Just when you thought these teeny tiny babies couldn't get any more adorable - now they are going to be snuggling up to cute octopus teddies.
A hospital in Antrim has appealed for anyone with knitting or crocheting skills to make these special toys which will be a snuggle buddy for premature babies in their incubators.
Unison Causeway branch, which represents Ireland and Northern Ireland has asked people to get involved making the knitted octopus toys which will be donated to the unit for the tiny newbies.
Research has shown that the tentacles of these toys remind premature babies of the umbilical cord and being inside the mother's womb - they are also known to provide distractions for the babies who are in danger of touching or trying to pull their life-saving tubes from their body.
The adorable toys are also a great way of measuring the progress in the newborn's growth.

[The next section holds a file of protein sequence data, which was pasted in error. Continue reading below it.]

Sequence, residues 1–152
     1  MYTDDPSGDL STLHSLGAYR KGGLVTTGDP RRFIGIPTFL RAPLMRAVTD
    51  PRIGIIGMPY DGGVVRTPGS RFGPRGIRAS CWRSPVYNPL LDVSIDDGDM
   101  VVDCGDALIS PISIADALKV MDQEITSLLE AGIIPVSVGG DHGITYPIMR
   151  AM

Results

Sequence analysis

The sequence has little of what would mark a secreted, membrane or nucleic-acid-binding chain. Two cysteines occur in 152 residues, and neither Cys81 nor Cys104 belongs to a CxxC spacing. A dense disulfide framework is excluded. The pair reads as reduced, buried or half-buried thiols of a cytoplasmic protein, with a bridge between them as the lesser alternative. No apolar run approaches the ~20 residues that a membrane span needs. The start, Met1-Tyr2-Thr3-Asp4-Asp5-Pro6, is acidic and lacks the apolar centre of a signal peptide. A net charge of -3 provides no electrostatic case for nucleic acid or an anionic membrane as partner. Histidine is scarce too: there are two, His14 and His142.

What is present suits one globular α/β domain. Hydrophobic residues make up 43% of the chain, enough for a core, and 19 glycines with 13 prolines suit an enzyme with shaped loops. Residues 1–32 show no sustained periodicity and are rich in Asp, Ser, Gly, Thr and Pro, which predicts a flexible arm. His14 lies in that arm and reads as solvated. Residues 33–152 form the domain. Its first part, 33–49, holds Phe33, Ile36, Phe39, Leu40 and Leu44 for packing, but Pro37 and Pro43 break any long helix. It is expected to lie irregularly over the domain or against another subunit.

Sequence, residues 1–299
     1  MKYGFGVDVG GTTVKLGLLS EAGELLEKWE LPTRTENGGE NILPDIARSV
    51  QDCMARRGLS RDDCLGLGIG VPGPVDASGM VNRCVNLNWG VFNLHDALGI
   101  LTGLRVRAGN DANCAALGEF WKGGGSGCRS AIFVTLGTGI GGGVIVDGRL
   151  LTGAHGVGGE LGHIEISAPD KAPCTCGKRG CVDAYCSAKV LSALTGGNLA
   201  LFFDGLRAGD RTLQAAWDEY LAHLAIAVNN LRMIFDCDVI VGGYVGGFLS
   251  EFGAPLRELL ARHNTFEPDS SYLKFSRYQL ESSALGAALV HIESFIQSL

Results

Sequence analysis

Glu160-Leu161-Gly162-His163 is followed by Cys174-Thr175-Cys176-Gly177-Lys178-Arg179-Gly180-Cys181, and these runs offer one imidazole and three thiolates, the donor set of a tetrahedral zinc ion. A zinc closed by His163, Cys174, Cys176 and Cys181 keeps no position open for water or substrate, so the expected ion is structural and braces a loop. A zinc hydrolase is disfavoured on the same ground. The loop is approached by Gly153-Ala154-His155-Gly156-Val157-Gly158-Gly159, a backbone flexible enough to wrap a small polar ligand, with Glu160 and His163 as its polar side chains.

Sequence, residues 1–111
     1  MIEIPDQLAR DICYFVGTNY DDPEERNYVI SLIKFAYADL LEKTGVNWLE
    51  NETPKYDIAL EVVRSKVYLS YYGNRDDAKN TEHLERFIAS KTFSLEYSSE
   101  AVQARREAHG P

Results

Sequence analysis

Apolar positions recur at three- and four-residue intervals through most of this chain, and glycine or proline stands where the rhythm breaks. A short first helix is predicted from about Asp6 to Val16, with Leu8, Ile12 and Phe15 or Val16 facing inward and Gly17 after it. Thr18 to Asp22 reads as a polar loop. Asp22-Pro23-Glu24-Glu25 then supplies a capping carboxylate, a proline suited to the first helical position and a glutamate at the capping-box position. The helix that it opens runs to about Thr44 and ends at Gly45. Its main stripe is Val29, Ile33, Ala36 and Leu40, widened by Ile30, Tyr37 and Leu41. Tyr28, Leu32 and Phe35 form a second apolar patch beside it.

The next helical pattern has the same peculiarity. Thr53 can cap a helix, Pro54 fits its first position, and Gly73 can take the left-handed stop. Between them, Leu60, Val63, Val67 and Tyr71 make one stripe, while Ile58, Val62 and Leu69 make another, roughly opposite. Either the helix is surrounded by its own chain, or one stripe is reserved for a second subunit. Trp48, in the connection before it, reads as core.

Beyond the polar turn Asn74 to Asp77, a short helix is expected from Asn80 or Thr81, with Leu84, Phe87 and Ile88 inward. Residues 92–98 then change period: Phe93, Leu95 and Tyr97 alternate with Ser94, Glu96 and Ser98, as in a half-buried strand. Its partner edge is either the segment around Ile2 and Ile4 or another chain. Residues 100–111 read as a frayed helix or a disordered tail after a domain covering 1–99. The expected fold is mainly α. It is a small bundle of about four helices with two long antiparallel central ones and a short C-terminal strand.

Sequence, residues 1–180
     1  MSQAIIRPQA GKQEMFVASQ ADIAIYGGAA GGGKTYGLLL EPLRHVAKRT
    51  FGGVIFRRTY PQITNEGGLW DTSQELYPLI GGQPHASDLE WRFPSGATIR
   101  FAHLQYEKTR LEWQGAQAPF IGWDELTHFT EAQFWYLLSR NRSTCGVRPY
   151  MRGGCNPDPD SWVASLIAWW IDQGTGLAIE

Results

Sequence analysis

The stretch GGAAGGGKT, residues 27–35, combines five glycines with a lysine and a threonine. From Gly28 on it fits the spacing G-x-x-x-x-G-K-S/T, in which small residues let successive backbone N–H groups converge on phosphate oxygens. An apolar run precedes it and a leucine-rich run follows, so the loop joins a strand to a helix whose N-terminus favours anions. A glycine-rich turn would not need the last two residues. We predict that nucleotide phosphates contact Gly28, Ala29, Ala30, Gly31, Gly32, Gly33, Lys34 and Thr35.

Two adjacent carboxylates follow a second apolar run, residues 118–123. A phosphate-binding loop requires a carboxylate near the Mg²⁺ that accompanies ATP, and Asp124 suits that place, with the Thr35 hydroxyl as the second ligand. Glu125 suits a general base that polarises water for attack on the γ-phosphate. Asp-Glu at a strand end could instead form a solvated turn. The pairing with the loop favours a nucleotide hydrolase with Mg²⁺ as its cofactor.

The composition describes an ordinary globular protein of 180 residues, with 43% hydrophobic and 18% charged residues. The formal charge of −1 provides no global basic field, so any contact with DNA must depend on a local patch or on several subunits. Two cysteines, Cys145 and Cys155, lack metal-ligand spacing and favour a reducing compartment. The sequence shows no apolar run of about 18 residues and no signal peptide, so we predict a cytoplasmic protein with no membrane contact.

The unique idea comes from Denmark where it was found that the shape of the octopus toys calmed babies.
Experts in neonatal care said that snuggling the tentacles even led to better breathing, more regular heartbeats and higher levels of oxygen in their blood.
Aberdeen Maternity Hospital recently had a huge response when they appealed to the public to help premature babies in their neonatal unit.
Nurse manager Nicole Bauwens told The Evening Express: “These octopuses are a fantastic way of soothing the babies.The octopus becomes part of the family and the babies have a special bond with them. The staff at the Neonatal Unit are besotted with the interaction the babies have with these octopuses – it really is heartwarming.”
Image via Bournemouth Echo
Poole Hospital in the UK has also embraced the initiative, parents receive a special gift bag complete with an octopus for the 'born too soon' babies to snuggle with while they get strong and healthy.
The cutest part? Babies can then take their little soft toy home with them as a lifelong moment of the first moments in their life and how these little octopus babies made them feel so safe - one tentacle at a time.
Feature image via Poole Hospital